REBUILDING FOLLOWING A STORM

The effects of Hurricane Fabian’s visit to Bermuda in September of 2003 had left an indelible imprint on our minds.  We had been there when the hurricane had ravaged the island with the highest recorded winds in its history.  As we left the following week, we had to wait to cross a temporary roadway to the airport.  At the airport itself, we witnessed devastation on many of the buildings, and a ceiling had fallen in the room next to ours as we waited to depart for home.  Those were the final impressions, but others had been imprinted throughout the week.

As our plane landed on the tarmac in December 2004, we wondered just how much had been done to correct the damage we still held deep in our minds.  The causeway had been reconstructed; the south shore road had just re-opened, trees had been trimmed, and new foliage was out in abundance.  A section of one of the hotels had been demolished, but the beaches had been restored, and while construction continued on other projects, we could see that the majority of the damages had been cared for.  Bermuda once again held the aura of a perfect tourist paradise.

Most of us have encountered hurricane-force situations in our lives.  When they came, we were convinced that we had been proportioned more than any other person with a similar situation.  Perhaps it was a physical battle with cardiac or cancer problems.  Yours was one of those that seemed to have no end.  In fact, it may still exist.  Then, there is the possibility that a catastrophe tore open the well-established functions of the family; someone fell.  That someone was not the one you expected to fall, and your faith has faltered momentarily.  A divorce, a suicide, a death, an act of adultery, a gay member, something of a similar magnitude may have touched your life, personally or sufficiently close to make you hurt, hurt, hurt.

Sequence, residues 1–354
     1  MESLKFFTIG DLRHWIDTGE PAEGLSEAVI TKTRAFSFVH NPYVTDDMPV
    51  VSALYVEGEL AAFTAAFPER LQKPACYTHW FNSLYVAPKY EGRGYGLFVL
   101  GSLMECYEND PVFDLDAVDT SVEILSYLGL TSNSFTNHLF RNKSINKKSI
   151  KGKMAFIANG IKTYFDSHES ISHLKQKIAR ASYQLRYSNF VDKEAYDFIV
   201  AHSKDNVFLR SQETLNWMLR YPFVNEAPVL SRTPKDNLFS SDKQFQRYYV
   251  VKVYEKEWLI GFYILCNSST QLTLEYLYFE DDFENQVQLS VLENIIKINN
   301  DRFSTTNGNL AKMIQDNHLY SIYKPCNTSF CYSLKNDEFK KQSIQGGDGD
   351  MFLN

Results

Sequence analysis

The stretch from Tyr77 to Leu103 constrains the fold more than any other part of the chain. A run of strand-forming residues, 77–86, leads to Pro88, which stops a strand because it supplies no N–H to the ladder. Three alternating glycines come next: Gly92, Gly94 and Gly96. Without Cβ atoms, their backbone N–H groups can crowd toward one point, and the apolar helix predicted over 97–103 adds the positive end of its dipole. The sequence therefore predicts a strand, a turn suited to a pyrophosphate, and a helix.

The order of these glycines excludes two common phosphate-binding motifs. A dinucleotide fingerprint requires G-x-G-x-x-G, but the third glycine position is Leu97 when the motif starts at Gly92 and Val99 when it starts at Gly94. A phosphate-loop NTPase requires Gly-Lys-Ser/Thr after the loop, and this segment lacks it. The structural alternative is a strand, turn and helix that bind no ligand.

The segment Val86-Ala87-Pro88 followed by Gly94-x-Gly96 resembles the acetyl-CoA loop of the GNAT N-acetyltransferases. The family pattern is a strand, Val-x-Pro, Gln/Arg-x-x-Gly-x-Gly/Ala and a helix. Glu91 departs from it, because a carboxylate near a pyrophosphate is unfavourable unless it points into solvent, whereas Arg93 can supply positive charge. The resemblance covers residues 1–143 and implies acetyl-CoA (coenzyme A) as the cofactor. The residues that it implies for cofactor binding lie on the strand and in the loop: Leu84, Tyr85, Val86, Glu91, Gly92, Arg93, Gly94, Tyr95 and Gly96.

What have you done, or what do you intend to do about it?  You can sit back and mope, or you can take the bull by the horns and start rebuilding.  At one point the Bermuda Government turned down help from Great Britain.  They offered tents and tarps, and navy personnel, but Bermuda needed qualified people with construction ability.

The re-construction has been slow and tedious, but it has been consistent.  What we observed was the end result of that consistency.  So it is with our lives; we fall, but we do not allow ourselves to remain there.  Get up, repent, begin to rebuild by studying God’s Word and exercising the discipline of prayer.  If others are involved, seek their forgiveness.

“Therefore, since we have so great a cloud of witnesses surrounding us, let us also lay aside every encumbrance and the sin which so easily entangles us, and let us run with endurance the race that is set before us, fixing our eyes on Jesus, the author and perfector of faith, who for the joy set before Him endured the cross, despising the shame, and has sat down at the right hand of the throne of God.  For consider Him who has endured such hostility by sinners against Himself, so that you will not grow weary and lose heart.” (Hebrews 12:1-3 NASB)

Fix you gaze on Jesus and you will discover the joy of rebuilding.

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